Swimming is particularly good for people who may struggle from joint pain, or who are unable to take on more high impact exercises.
When performed regularly, swimming is reported to be very effective in reducing blood pressure in patients with hypertension.
This can be achieved with varying levels of intensity, ranging from mild to moderate.
As with all the expert-recommended exercises, 30 minutes is the optimum amount of time for health benefits.
A little bit of HIIT
While high-intensity workouts aren’t always recommended for those suffering from hypertension, Ms Stone points out their effectiveness when it comes to “metabolic conditioning”.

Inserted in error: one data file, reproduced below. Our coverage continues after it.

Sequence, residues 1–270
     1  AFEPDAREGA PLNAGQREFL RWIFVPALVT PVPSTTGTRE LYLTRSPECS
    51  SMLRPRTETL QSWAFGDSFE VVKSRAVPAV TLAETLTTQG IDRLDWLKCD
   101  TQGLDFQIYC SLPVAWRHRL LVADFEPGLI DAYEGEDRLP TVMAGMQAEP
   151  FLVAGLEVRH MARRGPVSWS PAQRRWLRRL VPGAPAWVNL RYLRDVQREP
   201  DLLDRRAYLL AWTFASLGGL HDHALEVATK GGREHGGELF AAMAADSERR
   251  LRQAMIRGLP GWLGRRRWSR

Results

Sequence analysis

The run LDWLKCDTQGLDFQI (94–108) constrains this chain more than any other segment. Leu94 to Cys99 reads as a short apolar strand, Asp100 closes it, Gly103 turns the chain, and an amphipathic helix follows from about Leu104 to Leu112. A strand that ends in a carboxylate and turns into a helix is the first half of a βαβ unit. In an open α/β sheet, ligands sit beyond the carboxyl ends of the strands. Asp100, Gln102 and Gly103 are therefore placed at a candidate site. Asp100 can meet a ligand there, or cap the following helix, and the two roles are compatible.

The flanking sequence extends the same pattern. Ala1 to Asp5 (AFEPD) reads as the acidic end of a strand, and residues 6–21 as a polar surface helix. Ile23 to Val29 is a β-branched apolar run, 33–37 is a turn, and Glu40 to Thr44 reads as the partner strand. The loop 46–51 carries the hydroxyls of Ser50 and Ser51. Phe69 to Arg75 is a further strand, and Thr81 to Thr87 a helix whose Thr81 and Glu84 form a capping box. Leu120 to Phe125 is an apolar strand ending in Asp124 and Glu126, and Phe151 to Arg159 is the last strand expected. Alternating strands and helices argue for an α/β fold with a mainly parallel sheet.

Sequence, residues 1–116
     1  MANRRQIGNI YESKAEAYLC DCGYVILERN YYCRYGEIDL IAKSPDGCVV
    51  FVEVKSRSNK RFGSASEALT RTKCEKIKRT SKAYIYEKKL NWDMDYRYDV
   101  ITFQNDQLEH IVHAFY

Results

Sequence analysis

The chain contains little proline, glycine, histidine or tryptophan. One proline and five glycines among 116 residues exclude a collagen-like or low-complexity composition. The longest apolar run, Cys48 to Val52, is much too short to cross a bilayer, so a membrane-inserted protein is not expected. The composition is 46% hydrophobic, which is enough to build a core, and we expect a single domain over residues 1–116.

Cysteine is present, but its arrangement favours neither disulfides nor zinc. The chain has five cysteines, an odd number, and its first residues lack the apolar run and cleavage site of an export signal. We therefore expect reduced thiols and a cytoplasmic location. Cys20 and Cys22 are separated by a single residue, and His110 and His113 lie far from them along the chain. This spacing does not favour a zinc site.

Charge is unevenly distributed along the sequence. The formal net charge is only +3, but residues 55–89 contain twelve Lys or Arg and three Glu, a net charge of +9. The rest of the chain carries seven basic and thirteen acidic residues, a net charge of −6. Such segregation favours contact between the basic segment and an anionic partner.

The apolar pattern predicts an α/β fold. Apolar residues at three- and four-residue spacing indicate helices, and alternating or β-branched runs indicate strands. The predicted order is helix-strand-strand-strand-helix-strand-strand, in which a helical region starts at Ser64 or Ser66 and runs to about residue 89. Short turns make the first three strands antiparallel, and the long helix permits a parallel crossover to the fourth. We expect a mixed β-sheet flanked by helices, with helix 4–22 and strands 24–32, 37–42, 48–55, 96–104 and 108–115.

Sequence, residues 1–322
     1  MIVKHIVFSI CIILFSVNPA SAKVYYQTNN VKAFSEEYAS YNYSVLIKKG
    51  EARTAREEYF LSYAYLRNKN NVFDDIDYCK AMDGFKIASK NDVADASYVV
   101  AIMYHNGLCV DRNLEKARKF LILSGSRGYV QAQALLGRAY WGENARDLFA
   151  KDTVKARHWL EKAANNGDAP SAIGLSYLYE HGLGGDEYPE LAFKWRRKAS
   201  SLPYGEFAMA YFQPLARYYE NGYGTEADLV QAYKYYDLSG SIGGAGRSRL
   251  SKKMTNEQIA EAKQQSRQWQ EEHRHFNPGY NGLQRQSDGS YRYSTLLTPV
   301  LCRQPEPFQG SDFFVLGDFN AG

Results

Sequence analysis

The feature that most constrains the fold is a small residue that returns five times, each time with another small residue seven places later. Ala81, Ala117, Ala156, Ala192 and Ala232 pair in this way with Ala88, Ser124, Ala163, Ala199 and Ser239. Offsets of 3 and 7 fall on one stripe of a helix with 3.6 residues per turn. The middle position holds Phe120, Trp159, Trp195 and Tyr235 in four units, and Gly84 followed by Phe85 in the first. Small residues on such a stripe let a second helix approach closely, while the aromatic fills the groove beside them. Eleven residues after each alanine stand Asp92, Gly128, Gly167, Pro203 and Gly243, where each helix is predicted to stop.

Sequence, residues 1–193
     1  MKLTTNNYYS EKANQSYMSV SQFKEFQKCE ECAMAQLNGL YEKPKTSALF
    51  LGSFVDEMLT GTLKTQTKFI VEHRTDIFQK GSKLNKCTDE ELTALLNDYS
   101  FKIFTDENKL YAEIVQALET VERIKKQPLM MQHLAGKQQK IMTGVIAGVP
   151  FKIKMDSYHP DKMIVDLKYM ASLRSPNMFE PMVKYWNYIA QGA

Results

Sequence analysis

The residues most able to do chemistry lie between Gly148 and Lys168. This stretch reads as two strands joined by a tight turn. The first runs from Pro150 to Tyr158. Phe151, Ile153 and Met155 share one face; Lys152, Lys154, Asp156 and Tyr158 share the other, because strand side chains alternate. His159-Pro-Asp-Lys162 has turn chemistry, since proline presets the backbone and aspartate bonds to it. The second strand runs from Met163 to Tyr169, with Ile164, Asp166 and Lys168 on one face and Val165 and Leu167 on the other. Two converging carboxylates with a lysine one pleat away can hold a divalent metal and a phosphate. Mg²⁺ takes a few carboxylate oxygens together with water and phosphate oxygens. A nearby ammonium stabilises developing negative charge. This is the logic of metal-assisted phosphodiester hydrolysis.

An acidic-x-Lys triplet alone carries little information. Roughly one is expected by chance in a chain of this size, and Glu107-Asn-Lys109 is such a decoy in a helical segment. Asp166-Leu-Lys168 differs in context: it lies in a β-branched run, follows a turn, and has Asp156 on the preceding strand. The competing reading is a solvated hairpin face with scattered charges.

She told Express.co.uk: “High-Intensity Interval Training is determined by your level of fitness – if you feel it’s intense then it is.
“Choose exercises that keep the head above the heart initially: squat jumps, shuttle runs, or kettlebell swings, for example.
“Do 30 seconds on and 30 seconds off to begin with for 10 minutes after warming up.
“Then move to 40 seconds on and 20 off as you get fitter. From here, build to periods of active recovery, for example, jumping jacks for 40 seconds and wide squats for 20.
“You should be breathless at the beginning of your rest period and ready to go again when it ends – although this will decline for longer workouts.
“This approach to exercise results in metabolic conditioning; the heart is stronger and the cardiovascular system more efficient, which will lower your blood pressure significantly over time.”